Preferred exemplary embodiments, which in no way are limiting, of the amplifier arrangement will now be explained in greater detail by means of the drawings. The present invention is defined by the following claims, and nothing in this section should be taken as a limitation on those claims. Further aspects and advantages of the invention are discussed below in conjunction with the preferred embodiments.

BRIEF DESCRIPTION OF THE DRAWINGS

The drawings are not to scale for reasons of clarity, and certain characteristics are schematically represented.

FIGS. 1 and 2 represent two exemplary embodiments of an ultrasound device having an amplifier arrangement;

FIG. 3 shows one embodiment of an amplification element installed in the amplifier arrangement in FIGS. 1 and 2; and

FIG. 4 represents a comparison of the power consumption of various amplifier arrangements.

DETAILED DESCRIPTION OF THE PREFERRED EMBODIMENTS

Corresponding parts have been provided with the same reference symbols in FIG. 1 to 4.

An ultrasound device 30, having an amplifier arrangement 10, a sound transducer 36 and a transmitter/receiver unit 40, is represented in FIG. 1. The sound transducer 36 is connected to ground on one side and is electrically connected with a contact A1 of the amplifier arrangement 10. A second contact A2 of the amplifier arrangement 10 is electrically connected via a connecting line, not represented in detail, with the transmitter/receiver unit 40. The amplifier arrangement 10 is comprised of a total of three signal paths P1, P2 and P3, which are intended for signal transmission between the two contacts A1 and A2. In particular, the first and the second signal path P1, or P2, are intended for the receiving direction, and the third signal path P3 for the transmitting direction. The division into different signal paths for the transmitting and receiving directions is primarily advantageous because the signal amplitudes to be transmitted vary to a great degree from each other in both directions.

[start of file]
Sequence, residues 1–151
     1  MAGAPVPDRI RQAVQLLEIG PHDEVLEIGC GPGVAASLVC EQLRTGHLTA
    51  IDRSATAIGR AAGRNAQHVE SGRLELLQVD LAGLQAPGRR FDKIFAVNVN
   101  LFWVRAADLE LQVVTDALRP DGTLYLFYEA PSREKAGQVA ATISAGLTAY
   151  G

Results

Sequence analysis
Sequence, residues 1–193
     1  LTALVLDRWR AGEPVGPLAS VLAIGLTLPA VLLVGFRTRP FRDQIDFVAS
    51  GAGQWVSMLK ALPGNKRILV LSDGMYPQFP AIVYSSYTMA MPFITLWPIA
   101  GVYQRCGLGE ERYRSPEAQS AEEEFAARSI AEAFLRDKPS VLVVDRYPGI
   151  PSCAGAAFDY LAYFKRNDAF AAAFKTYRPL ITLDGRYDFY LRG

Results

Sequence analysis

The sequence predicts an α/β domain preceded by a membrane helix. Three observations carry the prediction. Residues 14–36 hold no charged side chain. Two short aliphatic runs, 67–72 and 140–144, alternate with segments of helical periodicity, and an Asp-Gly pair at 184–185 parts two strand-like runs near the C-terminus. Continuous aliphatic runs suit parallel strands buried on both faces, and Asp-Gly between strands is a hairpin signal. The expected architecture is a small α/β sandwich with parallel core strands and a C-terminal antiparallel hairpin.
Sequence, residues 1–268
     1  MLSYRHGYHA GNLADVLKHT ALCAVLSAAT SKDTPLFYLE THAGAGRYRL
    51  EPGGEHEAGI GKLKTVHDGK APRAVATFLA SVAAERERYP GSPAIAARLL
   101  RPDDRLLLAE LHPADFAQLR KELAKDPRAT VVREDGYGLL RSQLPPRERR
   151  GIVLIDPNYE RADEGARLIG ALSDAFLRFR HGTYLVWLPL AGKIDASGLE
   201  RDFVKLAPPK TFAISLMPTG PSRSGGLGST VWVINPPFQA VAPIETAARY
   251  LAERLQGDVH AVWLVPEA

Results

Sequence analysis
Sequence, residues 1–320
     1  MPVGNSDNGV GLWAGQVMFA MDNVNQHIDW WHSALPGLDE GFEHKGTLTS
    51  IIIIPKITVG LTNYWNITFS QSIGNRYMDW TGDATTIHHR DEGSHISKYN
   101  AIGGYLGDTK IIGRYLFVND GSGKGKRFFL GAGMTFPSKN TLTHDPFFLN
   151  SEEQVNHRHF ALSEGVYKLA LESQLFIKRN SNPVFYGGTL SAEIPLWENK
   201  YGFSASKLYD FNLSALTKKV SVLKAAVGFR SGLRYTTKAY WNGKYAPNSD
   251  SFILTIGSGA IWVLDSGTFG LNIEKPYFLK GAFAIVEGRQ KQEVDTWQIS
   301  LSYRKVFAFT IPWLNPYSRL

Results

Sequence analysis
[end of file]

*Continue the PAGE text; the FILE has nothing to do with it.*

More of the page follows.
A transmitted signal S0 with a base frequency and a very high signal amplitude, for example of approximately 200 Vss, is generated in the transmitter/receiver unit 40 and is supplied via the amplifier arrangement 10 to the sound transducer 36. The latter converts the transmitted signal S0 into a sound signal, which is radiated into a not represented medium to be examined. Within the framework of medical diagnostics, the medium to be examined can be a human body or, within the framework of non-destructive material testing, also a workpiece made of a solid material, for example a metallic body.